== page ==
The body of Philip Melanchthon (1497 - 1560) appropriately lies buried beside that of Martin Luther in Wittenberg. He is considered the second man—the gentleman—of the German Reformation, faithfully working alongside Luther for nearly three decades. Orphaned at ten, Melanchthon lived with his grandmother until he enrolled at the University of Heidelberg at age twelve to study philosophy, astronomy, and rhetoric. At sixteen he pursued graduate studies in theology at the University of Tübingen. A student of Erasmus, he was a published author by the time Luther (fourteen years his senior) was posting his Ninety-five Theses.
Melanchthon's opposition to scholastic theology prompted him to question Catholic dogma and traditions. At the same time he learned of Luther's insights. In 1518 he accepted a post at the University of Wittenberg, and the two scholars became life-long partners. Brilliant and popular, Melanchthon drew students much like Abelard did four centuries earlier. He was courted by other academic institutions, but with Luther and others playing cupid, he married Katharina Krapp, daughter of the Wittenberg mayor.
One of Melanchthon's most important achievements was his contribution, at the behest of Luther, to the Augsburg Confession. These twenty-eight articles, written in both Latin and German, were presented to Emperor Charles V, who summoned a Diet at Augsburg in 1530 to settle the religious differences among the German princes and people. Melanchthon began with his usual conciliatory style, affirming twenty-one statements accepted by both Catholics and Reformers. The remaining seven articles focused on matters disputed with Catholics, all supported with Scripture. The Augsburg Confession established the German Reformation on justification by faith alone and serves today as a foundational document of Lutheran belief.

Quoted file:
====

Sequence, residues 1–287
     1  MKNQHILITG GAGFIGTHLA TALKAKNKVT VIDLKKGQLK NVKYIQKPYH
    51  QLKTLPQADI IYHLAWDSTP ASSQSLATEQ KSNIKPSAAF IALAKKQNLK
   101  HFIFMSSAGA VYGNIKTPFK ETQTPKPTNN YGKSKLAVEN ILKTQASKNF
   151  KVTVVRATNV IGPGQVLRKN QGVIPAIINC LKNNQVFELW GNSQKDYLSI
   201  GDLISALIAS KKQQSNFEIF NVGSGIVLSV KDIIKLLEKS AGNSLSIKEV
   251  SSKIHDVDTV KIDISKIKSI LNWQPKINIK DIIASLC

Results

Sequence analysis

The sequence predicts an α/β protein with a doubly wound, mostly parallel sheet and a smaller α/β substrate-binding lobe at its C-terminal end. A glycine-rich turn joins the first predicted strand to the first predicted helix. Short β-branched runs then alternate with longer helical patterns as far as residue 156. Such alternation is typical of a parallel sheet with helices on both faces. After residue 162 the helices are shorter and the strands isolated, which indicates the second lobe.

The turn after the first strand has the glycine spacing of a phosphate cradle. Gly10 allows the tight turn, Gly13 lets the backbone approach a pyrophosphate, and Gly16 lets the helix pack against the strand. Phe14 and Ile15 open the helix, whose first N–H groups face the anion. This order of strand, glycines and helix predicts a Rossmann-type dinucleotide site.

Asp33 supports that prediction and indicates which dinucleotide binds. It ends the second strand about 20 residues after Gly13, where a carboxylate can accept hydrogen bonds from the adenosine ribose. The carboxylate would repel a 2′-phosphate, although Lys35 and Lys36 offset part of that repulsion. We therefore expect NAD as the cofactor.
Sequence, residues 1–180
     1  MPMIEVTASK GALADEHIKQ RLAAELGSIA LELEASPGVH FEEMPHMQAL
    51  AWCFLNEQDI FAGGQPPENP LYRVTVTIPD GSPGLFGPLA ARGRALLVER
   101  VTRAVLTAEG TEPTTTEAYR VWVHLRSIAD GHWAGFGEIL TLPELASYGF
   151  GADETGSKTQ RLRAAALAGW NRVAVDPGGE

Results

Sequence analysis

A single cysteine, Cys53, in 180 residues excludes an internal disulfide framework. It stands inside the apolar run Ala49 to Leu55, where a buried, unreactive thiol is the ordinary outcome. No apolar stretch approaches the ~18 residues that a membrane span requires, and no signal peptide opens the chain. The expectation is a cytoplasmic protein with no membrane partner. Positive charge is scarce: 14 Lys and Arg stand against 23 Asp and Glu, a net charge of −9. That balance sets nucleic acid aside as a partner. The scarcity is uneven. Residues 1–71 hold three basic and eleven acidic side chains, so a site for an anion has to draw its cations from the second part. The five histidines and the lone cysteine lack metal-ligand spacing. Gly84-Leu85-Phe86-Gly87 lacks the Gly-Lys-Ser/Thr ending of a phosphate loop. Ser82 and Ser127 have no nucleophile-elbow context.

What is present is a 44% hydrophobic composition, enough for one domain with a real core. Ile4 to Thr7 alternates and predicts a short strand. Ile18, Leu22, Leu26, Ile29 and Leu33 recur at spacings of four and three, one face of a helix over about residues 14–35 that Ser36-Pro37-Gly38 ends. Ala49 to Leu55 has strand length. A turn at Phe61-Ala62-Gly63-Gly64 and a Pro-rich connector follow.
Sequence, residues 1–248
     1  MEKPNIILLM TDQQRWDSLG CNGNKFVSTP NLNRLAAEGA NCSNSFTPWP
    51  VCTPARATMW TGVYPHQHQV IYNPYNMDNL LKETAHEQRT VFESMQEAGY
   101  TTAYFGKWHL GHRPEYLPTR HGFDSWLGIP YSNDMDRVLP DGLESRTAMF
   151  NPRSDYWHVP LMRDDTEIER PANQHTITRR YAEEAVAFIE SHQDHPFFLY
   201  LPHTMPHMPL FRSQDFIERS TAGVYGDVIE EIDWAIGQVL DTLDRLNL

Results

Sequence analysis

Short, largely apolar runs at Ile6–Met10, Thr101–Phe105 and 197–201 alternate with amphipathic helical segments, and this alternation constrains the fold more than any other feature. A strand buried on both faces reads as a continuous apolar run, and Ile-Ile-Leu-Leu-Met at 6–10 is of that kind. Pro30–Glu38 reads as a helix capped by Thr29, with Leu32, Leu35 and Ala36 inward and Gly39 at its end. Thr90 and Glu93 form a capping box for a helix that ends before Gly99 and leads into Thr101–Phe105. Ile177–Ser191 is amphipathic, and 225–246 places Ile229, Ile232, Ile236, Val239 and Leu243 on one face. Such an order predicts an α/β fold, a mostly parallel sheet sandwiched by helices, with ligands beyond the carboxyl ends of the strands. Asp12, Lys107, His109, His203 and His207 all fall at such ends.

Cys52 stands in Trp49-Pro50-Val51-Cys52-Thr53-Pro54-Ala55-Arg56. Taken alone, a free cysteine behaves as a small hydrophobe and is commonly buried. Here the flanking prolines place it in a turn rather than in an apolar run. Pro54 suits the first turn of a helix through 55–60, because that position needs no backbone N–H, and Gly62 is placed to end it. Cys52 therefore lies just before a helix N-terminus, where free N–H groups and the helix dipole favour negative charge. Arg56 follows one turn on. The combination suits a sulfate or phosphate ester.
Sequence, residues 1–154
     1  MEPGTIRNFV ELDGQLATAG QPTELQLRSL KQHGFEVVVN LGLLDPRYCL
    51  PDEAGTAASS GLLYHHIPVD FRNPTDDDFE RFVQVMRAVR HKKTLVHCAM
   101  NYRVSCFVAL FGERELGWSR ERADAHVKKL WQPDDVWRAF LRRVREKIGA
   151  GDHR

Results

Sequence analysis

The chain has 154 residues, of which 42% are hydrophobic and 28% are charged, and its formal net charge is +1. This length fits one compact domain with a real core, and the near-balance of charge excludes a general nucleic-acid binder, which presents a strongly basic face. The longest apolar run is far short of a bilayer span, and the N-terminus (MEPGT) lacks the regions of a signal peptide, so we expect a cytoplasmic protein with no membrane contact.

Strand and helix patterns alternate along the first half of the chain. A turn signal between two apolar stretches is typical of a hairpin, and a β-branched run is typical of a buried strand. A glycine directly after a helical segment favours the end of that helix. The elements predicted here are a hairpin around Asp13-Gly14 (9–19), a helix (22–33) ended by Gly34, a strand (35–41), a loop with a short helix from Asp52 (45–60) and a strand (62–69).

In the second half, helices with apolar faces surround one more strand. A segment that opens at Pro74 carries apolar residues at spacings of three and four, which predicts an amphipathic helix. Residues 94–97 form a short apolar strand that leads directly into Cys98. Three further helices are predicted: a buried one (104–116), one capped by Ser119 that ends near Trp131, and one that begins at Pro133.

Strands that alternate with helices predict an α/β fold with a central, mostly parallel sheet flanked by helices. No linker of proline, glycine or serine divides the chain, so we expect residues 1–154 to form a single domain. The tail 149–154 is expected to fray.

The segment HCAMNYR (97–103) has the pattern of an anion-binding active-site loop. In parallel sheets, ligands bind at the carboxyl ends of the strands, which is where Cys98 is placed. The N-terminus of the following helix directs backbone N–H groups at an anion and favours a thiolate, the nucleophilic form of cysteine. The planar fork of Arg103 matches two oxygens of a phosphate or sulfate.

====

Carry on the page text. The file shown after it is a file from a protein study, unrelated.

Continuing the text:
In the remaining years of his life, Melanchthon was embroiled in family and religious difficulties. Although he was considered by many to be Luther's successor, opponents challenged his loyalty to the Reformation cause, insisting he was too eager to compromise with Catholics. Harshly criticized in his own day, he has been admired in recent generations for his keen intellect and his careful scholarship as well as for his efforts to foster unity among Christians. He was ever the patient and kind Reformer, generous to a fault.